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Indonesia’s New Law on Citizenship hailed as “Revolutionary”

Monday July 24, 2006

On Tuesday 11 July, Parliament passed the new Bill on Citizenship, thus enacting it into law. And, most rarely, this time it was amidst applause from the gallery. Especially Women’s groups representing Mixed Marriages and ethnic Chinese hailed the new Law as “revolutionary”, since this Law now no longer discriminates ’s citizens based on ethnicity, race, religion, nor gender.  



Kompas daily of 12 July explained that according to Article 2 of the new Law, this stipulates that Indonesians are those who are indigenous Indonesians and other nationals who, through legislation have become Indonesian citizens. While, explanations to this article mention that “Meant by indigenous Indonesians are Indonesians who are Indonesian nationals at birth and have never by their own will received another nation’s citizenship.




With this clause, children of Chinese, Arab or Indian or other descent, are now automatically considered as indigenous Indonesians.



Hamid Awaluddin, Minister for Law and Human Rights, on behalf of the President underlined that this definition erased discrimination against certain ethnic groups in , so that all ethnic groups and communities according to the Law, possess the same rights.



Similarly, gender equality has been taken into account, which was done through fundamental changes in the Law, that beforehand gave priority to male supremacy.



Article 26 mentions that, an Indonesian woman, married to a foreign husband, will not automatically follow the citizenship of her husband, except when, according to the law of the husband’s country, the wife must follow the citizenship of the husband. But even in such a case, the wife may still submit a Letter declaring that she wishes to remain Indonesian citizen within three years. This declaration is to be sponsored by her husband.



Children of mixed marriages are also protected in this Law. Children born from an Indonesian mother and a foreign husband, remain Indonesian citizens and may have dual nationality until they reach the age of 18. 



Different from the earlier Law, the new Law also stipulates that the process of obtaining citizenship must be transparent, also providing six months for its process. The government is also given six months to issue new rules and regulations to be adjusted to the new Law.



For, Article 36 mentions that any government official who contravenes or delays the process for obtaining citizenship will be punished not only with administrative sanctions but also with criminal sanctions.



Furthermore, the Law also underlines that, any other legislation that go against the new Law, including Law No. 62 of 1958 on Citizenship, are hereby rescinded. 



To recap, comparing Law No. 62 of 1958 and the new 2006 Law on Citizenship, Kompas states, differences are as follows:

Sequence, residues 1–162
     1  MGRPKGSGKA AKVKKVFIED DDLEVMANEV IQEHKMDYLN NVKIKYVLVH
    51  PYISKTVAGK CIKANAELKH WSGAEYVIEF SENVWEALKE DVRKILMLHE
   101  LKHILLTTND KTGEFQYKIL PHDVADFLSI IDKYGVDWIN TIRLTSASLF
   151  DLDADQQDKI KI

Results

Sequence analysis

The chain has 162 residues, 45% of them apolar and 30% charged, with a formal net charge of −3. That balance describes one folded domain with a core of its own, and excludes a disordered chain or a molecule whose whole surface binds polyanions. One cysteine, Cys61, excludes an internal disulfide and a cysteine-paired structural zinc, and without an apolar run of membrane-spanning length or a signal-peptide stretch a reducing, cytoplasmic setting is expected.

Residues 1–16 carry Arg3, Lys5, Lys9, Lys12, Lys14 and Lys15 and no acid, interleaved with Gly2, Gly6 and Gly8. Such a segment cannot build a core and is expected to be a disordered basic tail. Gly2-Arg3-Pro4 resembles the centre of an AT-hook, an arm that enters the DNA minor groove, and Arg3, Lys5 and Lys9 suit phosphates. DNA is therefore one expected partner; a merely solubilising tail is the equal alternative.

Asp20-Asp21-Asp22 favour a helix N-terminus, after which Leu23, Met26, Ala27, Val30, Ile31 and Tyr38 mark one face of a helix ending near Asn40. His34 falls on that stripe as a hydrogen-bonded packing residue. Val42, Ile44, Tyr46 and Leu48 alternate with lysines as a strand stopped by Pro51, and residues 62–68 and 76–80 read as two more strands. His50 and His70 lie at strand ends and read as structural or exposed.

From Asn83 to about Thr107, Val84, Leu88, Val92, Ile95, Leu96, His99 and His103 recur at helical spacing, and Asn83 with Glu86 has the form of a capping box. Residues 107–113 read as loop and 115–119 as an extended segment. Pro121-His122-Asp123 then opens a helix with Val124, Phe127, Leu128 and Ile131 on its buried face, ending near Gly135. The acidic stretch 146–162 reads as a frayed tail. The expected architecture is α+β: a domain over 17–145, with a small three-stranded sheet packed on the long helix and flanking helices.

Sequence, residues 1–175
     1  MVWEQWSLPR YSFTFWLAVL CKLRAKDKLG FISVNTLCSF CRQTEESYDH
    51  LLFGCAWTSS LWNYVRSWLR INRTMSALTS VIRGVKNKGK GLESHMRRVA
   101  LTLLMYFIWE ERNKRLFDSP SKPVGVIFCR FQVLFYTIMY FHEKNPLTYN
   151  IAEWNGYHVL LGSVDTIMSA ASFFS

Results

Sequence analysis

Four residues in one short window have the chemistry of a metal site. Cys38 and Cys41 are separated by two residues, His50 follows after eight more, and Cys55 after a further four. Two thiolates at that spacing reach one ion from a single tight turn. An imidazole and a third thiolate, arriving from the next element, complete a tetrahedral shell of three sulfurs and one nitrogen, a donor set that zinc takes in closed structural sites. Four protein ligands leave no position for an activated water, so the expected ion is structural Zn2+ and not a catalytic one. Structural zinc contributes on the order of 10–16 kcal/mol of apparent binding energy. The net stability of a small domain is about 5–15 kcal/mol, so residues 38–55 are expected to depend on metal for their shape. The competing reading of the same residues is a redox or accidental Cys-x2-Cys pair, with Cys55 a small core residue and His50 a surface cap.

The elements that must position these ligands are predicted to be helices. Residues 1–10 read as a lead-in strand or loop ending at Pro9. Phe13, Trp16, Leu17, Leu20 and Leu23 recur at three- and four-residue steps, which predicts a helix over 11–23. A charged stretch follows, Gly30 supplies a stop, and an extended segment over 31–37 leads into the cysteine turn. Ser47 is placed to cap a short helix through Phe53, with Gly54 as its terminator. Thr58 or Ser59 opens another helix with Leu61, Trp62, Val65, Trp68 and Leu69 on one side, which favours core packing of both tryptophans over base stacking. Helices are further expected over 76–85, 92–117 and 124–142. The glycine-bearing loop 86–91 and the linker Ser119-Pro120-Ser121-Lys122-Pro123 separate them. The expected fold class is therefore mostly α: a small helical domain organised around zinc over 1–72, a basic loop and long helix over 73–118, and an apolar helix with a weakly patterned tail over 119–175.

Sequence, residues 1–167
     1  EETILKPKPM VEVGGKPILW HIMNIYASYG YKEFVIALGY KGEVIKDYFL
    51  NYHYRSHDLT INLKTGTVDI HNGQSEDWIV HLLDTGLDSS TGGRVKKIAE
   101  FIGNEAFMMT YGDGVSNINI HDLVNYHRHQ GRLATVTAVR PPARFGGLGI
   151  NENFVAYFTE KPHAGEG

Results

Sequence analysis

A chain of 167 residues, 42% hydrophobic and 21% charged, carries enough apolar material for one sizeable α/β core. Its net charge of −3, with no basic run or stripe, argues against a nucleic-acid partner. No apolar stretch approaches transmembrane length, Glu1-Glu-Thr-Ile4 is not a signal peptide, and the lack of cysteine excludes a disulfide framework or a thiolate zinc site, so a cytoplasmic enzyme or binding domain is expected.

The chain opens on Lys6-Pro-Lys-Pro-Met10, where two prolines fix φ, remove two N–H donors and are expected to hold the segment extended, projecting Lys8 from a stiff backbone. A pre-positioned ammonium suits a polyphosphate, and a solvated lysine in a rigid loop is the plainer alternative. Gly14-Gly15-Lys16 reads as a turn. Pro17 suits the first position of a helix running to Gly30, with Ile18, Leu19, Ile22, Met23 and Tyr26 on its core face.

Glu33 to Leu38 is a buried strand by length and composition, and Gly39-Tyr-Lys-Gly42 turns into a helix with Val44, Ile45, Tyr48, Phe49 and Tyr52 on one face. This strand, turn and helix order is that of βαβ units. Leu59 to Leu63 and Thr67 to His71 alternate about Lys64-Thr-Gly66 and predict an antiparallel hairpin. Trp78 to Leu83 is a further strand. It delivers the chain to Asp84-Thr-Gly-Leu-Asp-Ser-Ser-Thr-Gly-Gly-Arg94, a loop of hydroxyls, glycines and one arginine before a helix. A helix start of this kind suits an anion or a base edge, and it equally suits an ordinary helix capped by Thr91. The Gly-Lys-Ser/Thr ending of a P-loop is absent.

-  While the old Law was based on the Provisional Constitution of 1958, the 2006 Law is    based on the Amended 1945 Constitution.



-   Whereas the 1958 Law was based on the Principles of Ius Sanguinis, the 2006 Law is based on the mixed Principles of Ius Soli and Ius Sanguinis.



-  While the 1958 recognizes single nationality only, the 2006 Law recognizes dual nationality of children from mixed marriages to the age of 18 years.



-  Whereas the old Law states that an Indonesian woman, married to a foreign husband, automatically accepts the nationality of the foreign husband, the new Law stipulates that an Indonesian woman does not automatically need to accept the nationality of her husband.



-  Whilst the old Law stipulates that a child born from an Indonesian mother and a foreign father automatically becomes a foreigner, the new Law states that a child born from an Indonesian mother and a foreign father is Indonesian national until the age of 18.


Further, ’s Trade and Investment News issued by the Coordinating Ministry for Economic Affairs further explains that under the old law, citizenship could only be handed down via a child's father, meaning children born to an Indonesian woman and a foreign man could not become Indonesian citizens.  Such children could only live in on temporary permits that were expensive and time-consuming to obtain.


A group of Indonesian women married to foreign husbands had lobbied for the 1958 law to be replaced and were in parliament when the new bill was passed. On reaching 18, children from mixed marriages must choose their citizenship, the law states.


The new law also stipulates that foreigners who have been living in the country for five years will be able to apply for Indonesian citizenship, but they must give up their original citizenship and be able to speak Indonesian, among other conditions.


The law also removes remaining elements of discrimination against Indonesians of Chinese descent, describing them as ‘indigenous’ Indonesians.